Our Critics' Year-End Top Tens: Daniel Hopkins Hails The Walkmen's "Less Is More" Approach on the John Congleton-Produced Lisbon
Clubs editor Daniel Hopkins' favorite album of the year was actually made in our own backyard.
10. Phosphorescent -- Here's To Taking It Easy
9. Ariel Pink's Haunted Graffiti -- Before Today
When Ariel Pink released Before Today, he shattered all of his own rules, and by moving away from the murky, lo-fi noise-pop of his earlier records, he rewarded his listeners with some of the biggest choruses of the year (see "Round and Round").
8. Vampire Weekend -- Contra
7. Deerhunter -- Halcyon Digest
6. Here We Go Magic -- Pigeons
5. Twin Sister -- Color Your Life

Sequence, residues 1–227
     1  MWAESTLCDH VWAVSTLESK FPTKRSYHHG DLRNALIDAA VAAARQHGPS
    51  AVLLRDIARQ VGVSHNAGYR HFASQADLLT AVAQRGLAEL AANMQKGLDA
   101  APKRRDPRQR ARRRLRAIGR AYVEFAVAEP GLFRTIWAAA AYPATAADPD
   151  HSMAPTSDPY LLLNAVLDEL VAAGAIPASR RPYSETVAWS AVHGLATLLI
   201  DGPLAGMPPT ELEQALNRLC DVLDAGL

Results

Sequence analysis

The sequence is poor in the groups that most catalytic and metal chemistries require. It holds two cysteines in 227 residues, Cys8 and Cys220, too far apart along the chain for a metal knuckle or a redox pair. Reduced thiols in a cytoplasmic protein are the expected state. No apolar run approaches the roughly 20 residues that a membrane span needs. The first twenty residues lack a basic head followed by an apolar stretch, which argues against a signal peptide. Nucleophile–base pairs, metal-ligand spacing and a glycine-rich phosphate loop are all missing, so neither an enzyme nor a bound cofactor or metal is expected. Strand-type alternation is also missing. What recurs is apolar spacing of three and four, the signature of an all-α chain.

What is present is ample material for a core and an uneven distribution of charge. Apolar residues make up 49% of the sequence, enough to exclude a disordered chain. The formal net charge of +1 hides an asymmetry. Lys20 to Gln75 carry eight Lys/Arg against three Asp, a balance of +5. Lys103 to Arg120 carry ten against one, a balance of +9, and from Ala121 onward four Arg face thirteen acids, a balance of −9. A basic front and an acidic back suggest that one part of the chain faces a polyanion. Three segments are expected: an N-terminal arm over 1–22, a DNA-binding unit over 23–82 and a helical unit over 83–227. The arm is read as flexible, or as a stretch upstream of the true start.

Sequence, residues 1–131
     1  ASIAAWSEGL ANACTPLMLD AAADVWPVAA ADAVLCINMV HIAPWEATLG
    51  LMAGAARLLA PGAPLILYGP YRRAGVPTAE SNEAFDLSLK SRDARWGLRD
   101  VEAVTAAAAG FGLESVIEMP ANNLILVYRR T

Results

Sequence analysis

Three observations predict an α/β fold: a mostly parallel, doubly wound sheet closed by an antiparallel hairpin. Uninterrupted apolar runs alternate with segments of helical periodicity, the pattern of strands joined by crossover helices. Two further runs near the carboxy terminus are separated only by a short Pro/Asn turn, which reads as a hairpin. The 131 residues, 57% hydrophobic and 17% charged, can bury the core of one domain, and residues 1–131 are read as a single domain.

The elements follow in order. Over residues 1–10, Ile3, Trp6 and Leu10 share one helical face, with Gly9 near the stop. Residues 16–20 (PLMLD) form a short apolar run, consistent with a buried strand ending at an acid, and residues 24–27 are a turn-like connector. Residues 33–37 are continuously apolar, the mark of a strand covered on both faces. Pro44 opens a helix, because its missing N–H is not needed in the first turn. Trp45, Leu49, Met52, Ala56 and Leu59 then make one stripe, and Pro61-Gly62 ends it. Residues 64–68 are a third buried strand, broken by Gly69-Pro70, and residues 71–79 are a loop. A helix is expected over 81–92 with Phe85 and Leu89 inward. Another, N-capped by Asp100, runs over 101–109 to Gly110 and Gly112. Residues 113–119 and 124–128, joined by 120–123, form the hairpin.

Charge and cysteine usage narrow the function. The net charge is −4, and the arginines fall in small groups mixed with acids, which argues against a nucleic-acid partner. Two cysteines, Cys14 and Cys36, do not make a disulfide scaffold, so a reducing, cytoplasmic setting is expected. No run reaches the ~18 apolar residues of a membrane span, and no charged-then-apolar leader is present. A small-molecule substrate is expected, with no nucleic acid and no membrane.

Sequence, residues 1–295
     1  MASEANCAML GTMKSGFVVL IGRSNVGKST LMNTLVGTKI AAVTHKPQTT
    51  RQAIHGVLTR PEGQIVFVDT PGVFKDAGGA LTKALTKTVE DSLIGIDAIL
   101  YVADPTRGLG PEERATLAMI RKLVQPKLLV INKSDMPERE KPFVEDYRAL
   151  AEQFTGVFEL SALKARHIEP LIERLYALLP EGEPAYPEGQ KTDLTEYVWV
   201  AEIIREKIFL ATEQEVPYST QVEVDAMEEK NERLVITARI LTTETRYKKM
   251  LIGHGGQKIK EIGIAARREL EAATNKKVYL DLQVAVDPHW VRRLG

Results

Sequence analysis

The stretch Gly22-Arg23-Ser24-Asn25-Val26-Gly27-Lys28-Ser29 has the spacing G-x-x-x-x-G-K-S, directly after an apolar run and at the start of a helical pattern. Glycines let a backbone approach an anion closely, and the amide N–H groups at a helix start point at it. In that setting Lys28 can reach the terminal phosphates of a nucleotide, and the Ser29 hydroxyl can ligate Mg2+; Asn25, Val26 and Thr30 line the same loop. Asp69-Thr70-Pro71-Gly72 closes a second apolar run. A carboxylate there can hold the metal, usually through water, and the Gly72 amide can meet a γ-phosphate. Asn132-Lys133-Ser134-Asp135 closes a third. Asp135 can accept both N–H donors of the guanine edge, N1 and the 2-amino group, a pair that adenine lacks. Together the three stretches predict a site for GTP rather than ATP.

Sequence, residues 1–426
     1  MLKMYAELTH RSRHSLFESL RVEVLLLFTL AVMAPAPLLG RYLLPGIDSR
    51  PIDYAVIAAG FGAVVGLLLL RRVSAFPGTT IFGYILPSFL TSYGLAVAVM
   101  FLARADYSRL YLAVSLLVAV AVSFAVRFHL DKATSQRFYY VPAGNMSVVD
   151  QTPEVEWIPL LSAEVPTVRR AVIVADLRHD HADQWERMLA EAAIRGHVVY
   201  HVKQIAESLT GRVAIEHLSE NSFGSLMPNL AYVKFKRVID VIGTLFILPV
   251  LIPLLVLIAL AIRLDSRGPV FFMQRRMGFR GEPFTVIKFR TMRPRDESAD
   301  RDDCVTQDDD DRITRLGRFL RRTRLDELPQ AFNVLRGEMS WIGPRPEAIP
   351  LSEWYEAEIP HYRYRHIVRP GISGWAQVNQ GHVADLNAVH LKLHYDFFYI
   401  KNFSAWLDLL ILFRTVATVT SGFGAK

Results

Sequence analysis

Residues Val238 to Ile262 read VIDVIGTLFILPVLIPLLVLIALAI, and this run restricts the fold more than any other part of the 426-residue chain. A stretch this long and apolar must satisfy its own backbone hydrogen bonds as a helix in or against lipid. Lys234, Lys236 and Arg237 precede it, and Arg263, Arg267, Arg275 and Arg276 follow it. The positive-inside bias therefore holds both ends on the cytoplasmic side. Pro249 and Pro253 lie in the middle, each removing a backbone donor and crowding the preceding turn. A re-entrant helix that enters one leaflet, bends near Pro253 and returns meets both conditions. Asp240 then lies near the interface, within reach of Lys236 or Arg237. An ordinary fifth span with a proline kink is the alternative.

4. Arcade Fire -- The Suburbs
On The Suburbs, Arcade Fire have performed a miracle, offering up 60 minutes of music that rarely bogs down the listener's attention span. Don't underestimate that accomplishment, either: They've managed to create an album for a generation addicted to singles.
3. The National -- High Violet
2. Beach House -- Teen Dream
1. The Walkmen -- Lisbon
On Lisbon, The Walkmen proved that they are the kings of "less is more," stripping their production (courtesy of Dallas' own John Congleton) back to a few microphones, some audio tape and little else. In doing so, they proved their songwriting strong enough to stand on its own.